How could EU new legislation on mandatory due diligence look like?

The Commission study outlines several options, from voluntary guidelines, to reporting requirements and mandatory due diligence. One option would require companies to carry out due diligence to ‘identify, prevent, mitigate and account for actual or potential human rights and environmental impacts in its own operations or supply chain’. Following Reynder’s intervention this option is most likely. However, there are still many open questions and variations on how such requirements would work.

The scope

The first question is how wide the scope is going to be. Will the rules be horizontal or sector specific and will they be limited to large companies or also cover SMEs?

Most NGOs and proponents of mandatory due diligence argue in favour of horizontal rules. The European Parliament Working Group on Responsible Business Conduct (RBC) that has become an influential voice in the debate, advocates for covering companies of all sizes and across all sectors that are based, operate or offer products or services in the EU. SMEs that are not engaged in risky activities could take a simplified approach. There is likely to be a strong push-back from business on this position and in the end the legislation might follow the French example and focus on large companies.

Human rights and …

The second question is whether the rules focus on human rights or are extended to include environmental impacts too. Unlike human rights abuses that are covered in international conventions, environmental impacts are not always as clearly defined in international law and it will be more difficult to develop rules that provide for sufficient legal certainty. Didier Reynders said that the aim of due diligence is to prevent and mitigate adverse human rights and environmental impacts. NGOs and RBCs want due new diligence rules to include obligations to respect human rights as well as the environment. Given the impact environmental degradation can have on health and lives of whole communities and it is more than likely that the rules will reflect environmental impacts. There is an extensive legal debate ongoing on how rules can be designed in order to provide for enough legal certainty.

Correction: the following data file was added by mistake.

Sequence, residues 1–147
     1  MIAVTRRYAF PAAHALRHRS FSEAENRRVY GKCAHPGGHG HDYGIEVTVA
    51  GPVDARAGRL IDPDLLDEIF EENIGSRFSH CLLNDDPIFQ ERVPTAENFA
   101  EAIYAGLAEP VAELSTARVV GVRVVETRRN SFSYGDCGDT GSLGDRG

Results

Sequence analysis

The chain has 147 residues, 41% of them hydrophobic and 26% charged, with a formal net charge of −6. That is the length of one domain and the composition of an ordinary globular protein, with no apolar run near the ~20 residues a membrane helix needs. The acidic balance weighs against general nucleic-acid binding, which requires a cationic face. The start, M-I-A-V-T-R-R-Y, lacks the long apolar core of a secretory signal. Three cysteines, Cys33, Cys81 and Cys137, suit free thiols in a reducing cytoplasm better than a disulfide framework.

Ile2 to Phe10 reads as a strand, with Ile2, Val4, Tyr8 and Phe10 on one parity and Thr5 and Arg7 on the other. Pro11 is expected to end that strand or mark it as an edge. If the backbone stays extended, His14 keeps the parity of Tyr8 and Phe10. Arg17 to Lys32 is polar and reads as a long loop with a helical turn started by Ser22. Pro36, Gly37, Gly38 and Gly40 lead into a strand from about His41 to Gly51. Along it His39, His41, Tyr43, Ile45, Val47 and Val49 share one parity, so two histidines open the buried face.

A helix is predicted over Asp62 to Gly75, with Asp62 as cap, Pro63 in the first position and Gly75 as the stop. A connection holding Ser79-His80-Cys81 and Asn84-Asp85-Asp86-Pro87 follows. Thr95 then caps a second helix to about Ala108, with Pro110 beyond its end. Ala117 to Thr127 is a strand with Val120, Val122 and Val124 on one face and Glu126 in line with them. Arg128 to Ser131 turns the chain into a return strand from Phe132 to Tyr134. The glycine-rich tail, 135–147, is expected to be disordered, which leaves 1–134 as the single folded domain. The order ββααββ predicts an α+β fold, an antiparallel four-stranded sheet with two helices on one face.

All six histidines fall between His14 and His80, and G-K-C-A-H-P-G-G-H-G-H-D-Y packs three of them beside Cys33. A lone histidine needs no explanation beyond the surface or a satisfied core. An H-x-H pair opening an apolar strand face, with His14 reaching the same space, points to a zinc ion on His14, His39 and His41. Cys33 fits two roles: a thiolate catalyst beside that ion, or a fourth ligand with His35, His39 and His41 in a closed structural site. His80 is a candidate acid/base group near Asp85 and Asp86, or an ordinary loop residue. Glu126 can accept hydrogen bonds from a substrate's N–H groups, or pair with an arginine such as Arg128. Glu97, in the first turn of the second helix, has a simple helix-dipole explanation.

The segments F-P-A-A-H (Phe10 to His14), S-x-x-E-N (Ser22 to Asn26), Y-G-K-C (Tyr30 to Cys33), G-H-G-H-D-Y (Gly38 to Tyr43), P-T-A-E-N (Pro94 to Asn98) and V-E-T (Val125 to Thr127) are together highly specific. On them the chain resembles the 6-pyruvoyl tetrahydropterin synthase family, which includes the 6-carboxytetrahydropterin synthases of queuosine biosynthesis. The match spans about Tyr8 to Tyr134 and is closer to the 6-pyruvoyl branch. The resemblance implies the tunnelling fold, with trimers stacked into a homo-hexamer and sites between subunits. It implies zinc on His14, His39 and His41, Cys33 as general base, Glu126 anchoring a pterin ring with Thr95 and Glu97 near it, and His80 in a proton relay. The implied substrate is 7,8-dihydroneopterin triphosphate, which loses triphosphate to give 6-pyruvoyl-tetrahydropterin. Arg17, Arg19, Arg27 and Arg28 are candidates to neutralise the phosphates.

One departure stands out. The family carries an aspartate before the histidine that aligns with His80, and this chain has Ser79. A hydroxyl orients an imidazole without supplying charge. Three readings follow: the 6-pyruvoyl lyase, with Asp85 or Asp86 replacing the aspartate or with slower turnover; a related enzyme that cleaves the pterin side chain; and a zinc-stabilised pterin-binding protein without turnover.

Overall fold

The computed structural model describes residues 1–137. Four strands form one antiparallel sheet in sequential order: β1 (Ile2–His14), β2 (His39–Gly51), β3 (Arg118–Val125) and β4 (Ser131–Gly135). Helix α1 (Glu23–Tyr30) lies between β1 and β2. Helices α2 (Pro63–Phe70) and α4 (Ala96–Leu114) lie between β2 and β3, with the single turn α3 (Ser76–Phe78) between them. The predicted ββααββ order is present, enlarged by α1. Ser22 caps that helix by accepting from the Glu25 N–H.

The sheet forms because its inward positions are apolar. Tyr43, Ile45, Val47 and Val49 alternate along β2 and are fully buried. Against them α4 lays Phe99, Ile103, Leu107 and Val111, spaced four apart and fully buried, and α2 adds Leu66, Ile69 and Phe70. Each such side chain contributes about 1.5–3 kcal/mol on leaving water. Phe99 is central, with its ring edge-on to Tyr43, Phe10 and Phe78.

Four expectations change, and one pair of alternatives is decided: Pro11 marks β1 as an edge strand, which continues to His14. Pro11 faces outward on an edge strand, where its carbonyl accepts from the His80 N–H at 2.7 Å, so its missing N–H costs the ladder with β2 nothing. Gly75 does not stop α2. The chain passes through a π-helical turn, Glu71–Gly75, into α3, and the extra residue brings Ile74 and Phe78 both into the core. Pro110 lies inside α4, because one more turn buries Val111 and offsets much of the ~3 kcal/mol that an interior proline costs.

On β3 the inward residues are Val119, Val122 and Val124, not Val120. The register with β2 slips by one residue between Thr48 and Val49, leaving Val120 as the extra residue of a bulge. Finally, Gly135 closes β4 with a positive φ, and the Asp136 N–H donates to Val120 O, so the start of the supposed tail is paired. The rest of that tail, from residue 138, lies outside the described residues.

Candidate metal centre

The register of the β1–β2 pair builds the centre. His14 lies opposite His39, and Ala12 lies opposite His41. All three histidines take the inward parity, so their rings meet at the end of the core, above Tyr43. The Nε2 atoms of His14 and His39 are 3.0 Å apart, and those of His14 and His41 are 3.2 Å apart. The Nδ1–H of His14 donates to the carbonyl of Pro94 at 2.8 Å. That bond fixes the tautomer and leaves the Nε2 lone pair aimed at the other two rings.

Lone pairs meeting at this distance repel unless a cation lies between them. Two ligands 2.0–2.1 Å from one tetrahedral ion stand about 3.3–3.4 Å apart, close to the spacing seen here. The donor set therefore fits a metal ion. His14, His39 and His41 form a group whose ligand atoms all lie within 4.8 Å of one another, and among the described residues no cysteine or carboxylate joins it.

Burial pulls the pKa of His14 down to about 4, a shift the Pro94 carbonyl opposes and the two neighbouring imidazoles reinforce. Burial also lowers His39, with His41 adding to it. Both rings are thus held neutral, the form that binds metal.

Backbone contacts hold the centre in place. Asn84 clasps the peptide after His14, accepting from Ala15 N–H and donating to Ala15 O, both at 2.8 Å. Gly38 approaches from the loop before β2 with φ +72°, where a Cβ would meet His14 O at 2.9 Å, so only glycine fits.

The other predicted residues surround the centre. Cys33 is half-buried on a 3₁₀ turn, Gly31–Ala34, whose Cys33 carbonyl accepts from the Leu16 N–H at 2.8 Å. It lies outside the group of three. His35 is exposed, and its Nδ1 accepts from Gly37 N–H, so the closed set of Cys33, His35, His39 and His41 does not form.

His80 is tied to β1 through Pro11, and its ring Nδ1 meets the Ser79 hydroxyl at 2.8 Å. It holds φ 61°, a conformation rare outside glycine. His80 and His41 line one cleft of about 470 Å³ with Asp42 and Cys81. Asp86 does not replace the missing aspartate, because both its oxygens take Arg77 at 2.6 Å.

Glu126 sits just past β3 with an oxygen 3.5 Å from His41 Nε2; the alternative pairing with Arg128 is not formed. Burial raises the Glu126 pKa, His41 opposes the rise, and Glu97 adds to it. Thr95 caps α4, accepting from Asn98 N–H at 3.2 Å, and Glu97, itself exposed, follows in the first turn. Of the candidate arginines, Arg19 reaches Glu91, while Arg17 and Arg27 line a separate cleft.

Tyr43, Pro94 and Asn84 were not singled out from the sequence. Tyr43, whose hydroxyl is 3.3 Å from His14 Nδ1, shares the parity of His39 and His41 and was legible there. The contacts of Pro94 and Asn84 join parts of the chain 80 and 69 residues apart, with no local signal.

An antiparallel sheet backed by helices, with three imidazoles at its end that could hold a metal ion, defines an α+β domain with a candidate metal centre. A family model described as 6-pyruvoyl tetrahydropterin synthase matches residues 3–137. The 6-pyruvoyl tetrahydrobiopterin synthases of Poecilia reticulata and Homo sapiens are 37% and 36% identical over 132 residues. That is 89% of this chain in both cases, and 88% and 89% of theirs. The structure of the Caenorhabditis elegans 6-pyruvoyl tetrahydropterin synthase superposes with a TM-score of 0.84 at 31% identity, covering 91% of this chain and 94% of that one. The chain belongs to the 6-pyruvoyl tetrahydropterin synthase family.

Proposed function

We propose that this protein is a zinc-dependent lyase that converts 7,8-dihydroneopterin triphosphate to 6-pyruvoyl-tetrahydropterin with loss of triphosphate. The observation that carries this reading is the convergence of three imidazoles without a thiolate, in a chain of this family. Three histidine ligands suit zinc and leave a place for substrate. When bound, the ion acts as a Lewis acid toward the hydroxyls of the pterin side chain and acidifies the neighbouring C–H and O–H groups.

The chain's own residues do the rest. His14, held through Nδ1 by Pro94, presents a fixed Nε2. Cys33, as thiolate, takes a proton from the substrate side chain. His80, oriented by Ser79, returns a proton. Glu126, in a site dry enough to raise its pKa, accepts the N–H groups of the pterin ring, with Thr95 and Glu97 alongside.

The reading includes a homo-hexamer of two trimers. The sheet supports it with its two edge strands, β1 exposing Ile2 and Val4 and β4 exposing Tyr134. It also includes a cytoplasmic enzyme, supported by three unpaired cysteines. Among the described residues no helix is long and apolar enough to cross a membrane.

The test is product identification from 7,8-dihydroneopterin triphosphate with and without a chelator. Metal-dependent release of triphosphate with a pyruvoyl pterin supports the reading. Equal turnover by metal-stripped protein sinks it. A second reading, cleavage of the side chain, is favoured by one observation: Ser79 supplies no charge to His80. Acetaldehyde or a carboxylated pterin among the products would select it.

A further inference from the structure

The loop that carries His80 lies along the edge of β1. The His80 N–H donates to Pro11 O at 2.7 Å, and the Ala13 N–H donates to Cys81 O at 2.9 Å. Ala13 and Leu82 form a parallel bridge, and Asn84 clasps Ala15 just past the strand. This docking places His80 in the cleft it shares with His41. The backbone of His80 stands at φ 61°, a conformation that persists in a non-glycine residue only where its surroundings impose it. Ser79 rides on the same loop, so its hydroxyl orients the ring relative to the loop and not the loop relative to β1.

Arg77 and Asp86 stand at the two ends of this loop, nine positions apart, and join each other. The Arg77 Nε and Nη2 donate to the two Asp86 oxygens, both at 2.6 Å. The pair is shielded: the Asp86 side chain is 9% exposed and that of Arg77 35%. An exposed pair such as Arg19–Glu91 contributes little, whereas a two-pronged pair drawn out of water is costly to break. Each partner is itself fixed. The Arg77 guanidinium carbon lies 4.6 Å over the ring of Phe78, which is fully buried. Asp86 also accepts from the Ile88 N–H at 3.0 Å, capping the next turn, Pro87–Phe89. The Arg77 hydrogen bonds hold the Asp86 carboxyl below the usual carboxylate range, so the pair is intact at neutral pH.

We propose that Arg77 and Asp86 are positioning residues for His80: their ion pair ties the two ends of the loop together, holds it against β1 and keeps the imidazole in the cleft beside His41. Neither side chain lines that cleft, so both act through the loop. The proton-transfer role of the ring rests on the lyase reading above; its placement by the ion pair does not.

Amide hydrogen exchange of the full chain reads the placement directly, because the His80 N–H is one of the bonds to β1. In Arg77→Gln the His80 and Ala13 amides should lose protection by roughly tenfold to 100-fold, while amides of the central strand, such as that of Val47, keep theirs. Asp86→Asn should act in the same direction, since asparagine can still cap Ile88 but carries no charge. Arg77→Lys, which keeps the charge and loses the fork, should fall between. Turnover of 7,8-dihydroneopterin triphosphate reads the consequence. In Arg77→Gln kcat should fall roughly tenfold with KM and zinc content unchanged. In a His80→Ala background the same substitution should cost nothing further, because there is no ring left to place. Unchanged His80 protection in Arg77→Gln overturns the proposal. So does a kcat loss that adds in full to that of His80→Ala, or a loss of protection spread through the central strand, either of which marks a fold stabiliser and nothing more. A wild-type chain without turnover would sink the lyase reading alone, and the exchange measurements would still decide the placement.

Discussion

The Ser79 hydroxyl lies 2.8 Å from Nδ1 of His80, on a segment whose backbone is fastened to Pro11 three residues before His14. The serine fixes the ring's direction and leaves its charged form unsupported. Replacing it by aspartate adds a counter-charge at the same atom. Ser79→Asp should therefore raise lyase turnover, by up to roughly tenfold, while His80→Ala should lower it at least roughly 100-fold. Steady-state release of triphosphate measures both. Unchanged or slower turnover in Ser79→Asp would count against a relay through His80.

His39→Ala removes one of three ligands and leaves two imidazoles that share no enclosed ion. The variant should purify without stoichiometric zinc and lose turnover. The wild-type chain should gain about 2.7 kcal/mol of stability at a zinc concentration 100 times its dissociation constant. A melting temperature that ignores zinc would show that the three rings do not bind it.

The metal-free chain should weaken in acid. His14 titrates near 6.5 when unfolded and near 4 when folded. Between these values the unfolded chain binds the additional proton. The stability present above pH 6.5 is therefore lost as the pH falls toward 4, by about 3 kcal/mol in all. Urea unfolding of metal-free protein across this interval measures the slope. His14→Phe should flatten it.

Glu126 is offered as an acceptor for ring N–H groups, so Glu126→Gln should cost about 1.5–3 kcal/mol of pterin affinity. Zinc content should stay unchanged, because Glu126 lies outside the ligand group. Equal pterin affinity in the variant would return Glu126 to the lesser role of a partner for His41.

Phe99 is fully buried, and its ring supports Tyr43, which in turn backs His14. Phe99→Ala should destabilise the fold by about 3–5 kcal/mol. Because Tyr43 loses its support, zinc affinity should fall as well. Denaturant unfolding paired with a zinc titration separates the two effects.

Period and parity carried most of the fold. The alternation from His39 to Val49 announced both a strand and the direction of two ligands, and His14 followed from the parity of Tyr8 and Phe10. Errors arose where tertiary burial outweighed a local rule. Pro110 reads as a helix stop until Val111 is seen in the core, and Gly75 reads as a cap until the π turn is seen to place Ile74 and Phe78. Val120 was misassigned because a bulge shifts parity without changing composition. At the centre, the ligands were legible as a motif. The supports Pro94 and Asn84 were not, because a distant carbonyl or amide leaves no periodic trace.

The most controversial question is what kind of sanctions the rules will impose. Proponents of mandatory due diligence would like the rules to establish civil liability for human rights abuses and environmental harm. The rules should also provide access to remedy for victims by removing any barriers to justice, for example by shifting the burden of proof. On the one hand civil liability would make due diligence rules very effective and serve as a strong incentive to have comprehensive due diligence in place. On the other hand, the earlier, first stages of the supply chain are very difficult for European business to control in particular if it concerns activities of suppliers and sub-contractors with which the European company has no contractual relationship. Hence there are strong concerns that companies may be held liable for actions committed by third persons, that are outside their influence. It will therefore be very important that the rules clearly define for what abuses European companies could be held liable.

Due Diligence in practice

As stated in our introduction, there is a need for companies to adopt a framework that seeks to identify, prevent, mitigate and account for risks associated with human rights violation. The framework should be informed by the results of risk assessments that are current and subject to periodic review. Companies should seek to identify specific relevant industry and regulatory risks, evaluate relevant markets and competitive considerations, and perform a deep understanding of their business using operational data.

Based on the results of the risk assessment, companies should seek to develop a risk-based compliance programme to address human rights abuses such as human trafficking, part of which would include the adoption of due diligence processes around the hiring of employees and retention of third parties.

Companies should seek to implement hiring and employment controls to avoid human rights abuses. Background searches either using open source or specialised subscription databases should be performed and used to gather information which should be reviewed as part of the hiring process.